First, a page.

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Kuching

 

Kuching was the third capital of Sarawak in 1827 during the administration of the Bruneian Empire. In 1841, Kuching became the capital of the Kingdom of Sarawak after the territory in the area was ceded to James Brooke for helping the Bruneian empire in crushing a rebellion particularly by the interior Borneo dweller Land Dayak people who later became his loyal followers after most of them being pardoned by him and joining his side. The town continued to receive attention and development during the rule of Charles Brooke such as the construction of a sanitation system, hospital, prison, fort, and a bazaar. In 1941, the Brooke administration had a Centenary Celebration in Kuching. During World War II, Kuching was occupied by Japanese forces from 1942 to 1945. The Japanese government set up a Batu Lintang camp near Kuching to hold prisoners of war and civilian internees. After the war, the town survived intact. However, the last Rajah of Sarawak, Sir Charles Vyner Brooke decided to cede Sarawak as part of British Crown Colony in 1946. Kuching remained as capital during the Crown Colony period. After the formation of Malaysia in 1963, Kuching retained its status as state capital and was granted city status in 1988. Since then, the Kuching city is divided into two administrative regions managed by two separate local authorities. The administrative centre of Sarawak state government is located at Wisma Bapa Malaysia, Kuching.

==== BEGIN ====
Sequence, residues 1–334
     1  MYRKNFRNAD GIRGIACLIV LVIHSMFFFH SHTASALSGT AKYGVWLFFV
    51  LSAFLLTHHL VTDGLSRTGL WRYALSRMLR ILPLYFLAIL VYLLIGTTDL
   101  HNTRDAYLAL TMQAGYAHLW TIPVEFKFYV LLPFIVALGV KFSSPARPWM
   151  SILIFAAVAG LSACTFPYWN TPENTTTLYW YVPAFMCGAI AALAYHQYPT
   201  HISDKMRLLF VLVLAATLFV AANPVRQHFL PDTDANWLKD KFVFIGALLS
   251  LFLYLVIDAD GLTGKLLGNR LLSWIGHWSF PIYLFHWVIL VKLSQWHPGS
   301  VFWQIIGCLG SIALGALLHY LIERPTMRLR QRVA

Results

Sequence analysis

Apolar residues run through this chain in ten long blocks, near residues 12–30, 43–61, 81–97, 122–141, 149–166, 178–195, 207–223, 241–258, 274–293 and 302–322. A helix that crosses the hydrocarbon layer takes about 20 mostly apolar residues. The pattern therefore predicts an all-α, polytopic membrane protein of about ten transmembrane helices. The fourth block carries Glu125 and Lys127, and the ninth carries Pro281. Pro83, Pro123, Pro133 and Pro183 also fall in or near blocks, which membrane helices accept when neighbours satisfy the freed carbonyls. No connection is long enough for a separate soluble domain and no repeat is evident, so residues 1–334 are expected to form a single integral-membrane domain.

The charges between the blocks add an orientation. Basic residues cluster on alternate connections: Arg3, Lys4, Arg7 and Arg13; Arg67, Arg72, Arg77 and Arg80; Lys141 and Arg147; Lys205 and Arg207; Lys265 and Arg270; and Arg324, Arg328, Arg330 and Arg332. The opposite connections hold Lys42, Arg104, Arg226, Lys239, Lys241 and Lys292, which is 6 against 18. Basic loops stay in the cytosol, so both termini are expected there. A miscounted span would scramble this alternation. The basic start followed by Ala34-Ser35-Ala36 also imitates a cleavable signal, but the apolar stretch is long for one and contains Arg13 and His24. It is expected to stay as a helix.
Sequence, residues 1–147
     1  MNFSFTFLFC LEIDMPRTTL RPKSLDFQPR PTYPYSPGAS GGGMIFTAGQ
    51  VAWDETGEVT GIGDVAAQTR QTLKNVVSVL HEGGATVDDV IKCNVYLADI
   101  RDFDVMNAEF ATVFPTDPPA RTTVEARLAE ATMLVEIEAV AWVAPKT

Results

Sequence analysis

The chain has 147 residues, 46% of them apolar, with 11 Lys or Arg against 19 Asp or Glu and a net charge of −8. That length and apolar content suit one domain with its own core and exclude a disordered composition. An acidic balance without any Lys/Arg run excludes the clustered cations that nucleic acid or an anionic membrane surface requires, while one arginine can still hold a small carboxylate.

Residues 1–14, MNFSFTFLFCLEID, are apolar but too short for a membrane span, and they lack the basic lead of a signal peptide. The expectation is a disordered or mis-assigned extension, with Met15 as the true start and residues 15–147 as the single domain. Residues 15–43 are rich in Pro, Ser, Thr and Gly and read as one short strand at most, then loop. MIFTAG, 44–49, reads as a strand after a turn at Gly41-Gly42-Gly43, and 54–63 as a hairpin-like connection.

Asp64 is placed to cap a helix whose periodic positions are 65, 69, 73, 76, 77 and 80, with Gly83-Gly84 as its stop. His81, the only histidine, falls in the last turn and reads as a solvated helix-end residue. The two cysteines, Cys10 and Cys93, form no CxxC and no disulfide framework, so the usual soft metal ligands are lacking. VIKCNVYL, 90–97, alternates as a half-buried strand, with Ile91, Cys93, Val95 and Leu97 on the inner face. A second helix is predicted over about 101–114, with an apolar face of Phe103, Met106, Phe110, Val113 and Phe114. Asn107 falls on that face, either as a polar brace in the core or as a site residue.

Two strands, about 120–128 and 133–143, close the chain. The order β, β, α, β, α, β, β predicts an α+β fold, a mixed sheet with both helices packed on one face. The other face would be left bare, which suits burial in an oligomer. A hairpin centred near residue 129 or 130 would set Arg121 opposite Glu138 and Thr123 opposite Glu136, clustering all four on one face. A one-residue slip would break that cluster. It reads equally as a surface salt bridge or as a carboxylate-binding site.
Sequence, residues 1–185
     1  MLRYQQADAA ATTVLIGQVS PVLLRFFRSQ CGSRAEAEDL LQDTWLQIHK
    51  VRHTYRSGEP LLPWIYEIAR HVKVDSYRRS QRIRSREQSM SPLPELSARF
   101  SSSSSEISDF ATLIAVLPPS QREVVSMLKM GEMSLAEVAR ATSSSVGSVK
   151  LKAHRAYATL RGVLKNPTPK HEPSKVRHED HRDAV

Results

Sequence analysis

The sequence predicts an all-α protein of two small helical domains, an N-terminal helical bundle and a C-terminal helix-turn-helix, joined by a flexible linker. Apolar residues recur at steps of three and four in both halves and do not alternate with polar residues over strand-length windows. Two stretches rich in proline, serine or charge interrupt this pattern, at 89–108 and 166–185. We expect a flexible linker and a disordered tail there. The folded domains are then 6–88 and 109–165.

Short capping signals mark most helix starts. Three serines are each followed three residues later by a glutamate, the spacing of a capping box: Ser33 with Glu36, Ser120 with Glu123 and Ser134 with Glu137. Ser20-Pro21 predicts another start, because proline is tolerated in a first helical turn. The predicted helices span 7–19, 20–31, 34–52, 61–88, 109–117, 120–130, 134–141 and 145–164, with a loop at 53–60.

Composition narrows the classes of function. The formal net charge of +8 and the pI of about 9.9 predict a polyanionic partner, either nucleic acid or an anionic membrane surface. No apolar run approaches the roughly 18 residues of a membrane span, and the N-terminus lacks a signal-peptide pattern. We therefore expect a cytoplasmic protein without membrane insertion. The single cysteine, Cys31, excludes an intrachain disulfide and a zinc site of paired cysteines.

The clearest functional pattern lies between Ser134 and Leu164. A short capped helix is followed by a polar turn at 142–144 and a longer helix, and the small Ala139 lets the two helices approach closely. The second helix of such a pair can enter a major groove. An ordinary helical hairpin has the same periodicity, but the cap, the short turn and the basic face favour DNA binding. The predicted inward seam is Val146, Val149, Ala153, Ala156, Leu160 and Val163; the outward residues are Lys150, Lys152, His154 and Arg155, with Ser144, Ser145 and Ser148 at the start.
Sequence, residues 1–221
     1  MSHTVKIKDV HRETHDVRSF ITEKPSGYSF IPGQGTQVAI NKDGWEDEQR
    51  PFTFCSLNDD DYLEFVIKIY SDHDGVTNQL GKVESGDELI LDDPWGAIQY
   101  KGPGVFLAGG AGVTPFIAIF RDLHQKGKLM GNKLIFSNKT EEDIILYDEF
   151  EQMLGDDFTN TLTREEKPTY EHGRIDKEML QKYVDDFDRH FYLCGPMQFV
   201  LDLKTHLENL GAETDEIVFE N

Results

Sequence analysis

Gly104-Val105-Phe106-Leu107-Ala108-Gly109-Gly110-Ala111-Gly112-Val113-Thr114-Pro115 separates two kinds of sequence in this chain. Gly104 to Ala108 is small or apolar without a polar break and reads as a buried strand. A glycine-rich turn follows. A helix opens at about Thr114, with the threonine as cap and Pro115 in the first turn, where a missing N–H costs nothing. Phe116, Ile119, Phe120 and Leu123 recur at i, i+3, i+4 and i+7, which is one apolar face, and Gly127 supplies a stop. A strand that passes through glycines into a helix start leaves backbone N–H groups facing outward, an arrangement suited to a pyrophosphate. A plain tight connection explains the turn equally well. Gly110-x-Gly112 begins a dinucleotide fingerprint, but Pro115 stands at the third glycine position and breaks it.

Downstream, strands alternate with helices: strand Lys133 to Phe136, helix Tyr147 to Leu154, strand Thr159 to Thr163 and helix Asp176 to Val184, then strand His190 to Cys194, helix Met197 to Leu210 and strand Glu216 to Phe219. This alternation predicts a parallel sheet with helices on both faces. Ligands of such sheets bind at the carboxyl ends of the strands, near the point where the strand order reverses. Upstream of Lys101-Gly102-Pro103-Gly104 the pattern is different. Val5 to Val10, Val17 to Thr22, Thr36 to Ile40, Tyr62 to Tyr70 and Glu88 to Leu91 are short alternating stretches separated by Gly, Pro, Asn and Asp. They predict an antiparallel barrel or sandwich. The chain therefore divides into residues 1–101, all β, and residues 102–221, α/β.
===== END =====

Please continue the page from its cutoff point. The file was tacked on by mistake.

There are many types of health services in the city, such as the main public hospitals, public health clinics, other type of health clinics, mobile clinic, flying doctor service, village clinics, and 1Malaysia clinic. The main hospital is the Sarawak General Hospital which is the oldest hospital since 1923. Another hospital is Rajah Charles Brooke Memorial Hospital. Hospital Sentosa (Sentosa Mental Hospital), which built with a half-funded from the British Government was opened in 1958, it provides psychiatric services for the entire state and known as the second oldest hospital in Sarawak after the main hospital.
The oldest street of Kuching is the Main Bazaar, a row of 19th century Chinese shophouses located along the Kuching Waterfront overlooking the Sarawak River. It offers the city's best concentration of antique and handicraft shops. The Main Bazaar is part of Kuching's old town, which also includes the Carpenter Street and India Street. The old Courthouse building, which sits in between Carpenter Street and India Street, has undergone major renovation and now houses the Sarawak Tourism Board complex. Some other interesting areas around the central business district include Padungan Street, which is the Chinatown of Kuching. In 2014, calls for the Historic Monuments of Kuching's inclusion in the world heritage list were made public. In 2017, a study was conducted on the possibility of Kuching to be nominated in the world heritage list.
There are five cinemas located around the city with most of its located inside shopping malls buildings(The Spring, CityONE, VivaCity, Riverside, Summer Mall). Most of the cinemas are owned by either Golden Screen Cinemas, MBO Cinemas, Lotus Five Star and TGV Cinemas. Bookaroo, a children's literature festival, travelled from India to Kuching since 2016 and takes place in April on the city every year to featuring the Bookaroo Kuching Fest. The festival invites authors, illustrators, storytellers, and performers from all over the world, urging children to bring books with them.